• H04NPICTORIAL COMMUNICATION, e.g. TELEVISION
    • H04N21/00Selective content distribution, e.g. interactive television or video on demand [VOD]
    • H04N21/40Client devices specifically adapted for the reception of or interaction with content, e.g. set-top-box [STB]; Operations thereof
    • H04N21/41Structure of client; Structure of client peripherals
    • H04N21/414Specialised client platforms, e.g. receiver in car or embedded in a mobile appliance
    • H04N21/4143Specialised client platforms, e.g. receiver in car or embedded in a mobile appliance embedded in a Personal Computer [PC]
    • HELECTRICITY
    • H04ELECTRIC COMMUNICATION TECHNIQUE
    • H04NPICTORIAL COMMUNICATION, e.g. TELEVISION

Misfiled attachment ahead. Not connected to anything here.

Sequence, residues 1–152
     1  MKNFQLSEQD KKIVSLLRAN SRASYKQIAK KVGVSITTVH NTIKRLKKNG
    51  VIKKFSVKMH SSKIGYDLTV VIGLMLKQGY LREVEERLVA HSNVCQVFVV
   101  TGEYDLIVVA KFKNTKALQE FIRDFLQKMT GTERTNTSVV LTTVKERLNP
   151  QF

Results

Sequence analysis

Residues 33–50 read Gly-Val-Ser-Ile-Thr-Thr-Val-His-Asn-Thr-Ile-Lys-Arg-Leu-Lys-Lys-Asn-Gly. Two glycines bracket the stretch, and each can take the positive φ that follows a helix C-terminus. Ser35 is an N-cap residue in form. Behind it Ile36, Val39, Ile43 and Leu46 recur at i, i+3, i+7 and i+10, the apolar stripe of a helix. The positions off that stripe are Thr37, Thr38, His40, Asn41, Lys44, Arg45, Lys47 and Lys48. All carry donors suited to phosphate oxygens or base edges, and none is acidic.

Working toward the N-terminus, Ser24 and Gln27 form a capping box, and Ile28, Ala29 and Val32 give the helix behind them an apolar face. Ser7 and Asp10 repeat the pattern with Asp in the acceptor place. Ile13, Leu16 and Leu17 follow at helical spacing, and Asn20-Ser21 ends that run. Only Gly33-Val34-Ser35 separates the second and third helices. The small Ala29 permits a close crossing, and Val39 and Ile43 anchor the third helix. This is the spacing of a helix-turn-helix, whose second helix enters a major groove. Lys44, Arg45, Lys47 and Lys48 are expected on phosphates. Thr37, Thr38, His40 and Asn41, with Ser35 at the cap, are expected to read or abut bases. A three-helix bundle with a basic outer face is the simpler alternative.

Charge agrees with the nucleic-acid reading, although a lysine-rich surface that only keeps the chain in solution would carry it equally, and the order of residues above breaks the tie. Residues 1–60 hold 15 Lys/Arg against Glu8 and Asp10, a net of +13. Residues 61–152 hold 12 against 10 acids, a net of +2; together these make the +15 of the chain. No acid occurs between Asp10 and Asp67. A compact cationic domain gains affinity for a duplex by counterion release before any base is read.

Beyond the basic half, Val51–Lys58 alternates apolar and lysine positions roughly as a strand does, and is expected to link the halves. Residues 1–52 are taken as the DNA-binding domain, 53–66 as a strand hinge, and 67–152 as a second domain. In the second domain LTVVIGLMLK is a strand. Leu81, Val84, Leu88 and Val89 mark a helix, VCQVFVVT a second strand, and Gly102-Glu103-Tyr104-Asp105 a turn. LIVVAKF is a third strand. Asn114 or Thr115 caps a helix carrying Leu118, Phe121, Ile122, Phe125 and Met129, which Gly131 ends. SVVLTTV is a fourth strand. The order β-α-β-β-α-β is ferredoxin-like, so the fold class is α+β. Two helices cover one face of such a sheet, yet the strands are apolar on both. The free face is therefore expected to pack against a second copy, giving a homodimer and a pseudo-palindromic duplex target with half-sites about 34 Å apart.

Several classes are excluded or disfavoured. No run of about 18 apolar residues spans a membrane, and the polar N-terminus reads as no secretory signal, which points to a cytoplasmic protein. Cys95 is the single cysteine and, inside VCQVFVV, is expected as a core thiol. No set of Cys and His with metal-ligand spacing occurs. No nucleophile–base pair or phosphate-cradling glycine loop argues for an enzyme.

• H04N21/00Selective content distribution, e.g. interactive television or video on demand [VOD]
    • H04N21/40Client devices specifically adapted for the reception of or interaction with content, e.g. set-top-box [STB]; Operations thereof
    • H04N21/43Processing of content or additional data, e.g. demultiplexing additional data from a digital video stream; Elementary client operations, e.g. monitoring of home network, synchronizing decoder's clock; Client middleware
    • H04N21/4302Content synchronization processes, e.g. decoder synchronization
    • H04N21/4307Synchronizing display of multiple content streams, e.g. synchronisation of audio and video output or enabling or disabling interactive icons for a given period of time
    • HELECTRICITY
    • H04ELECTRIC COMMUNICATION TECHNIQUE
    • H04NPICTORIAL COMMUNICATION, e.g. TELEVISION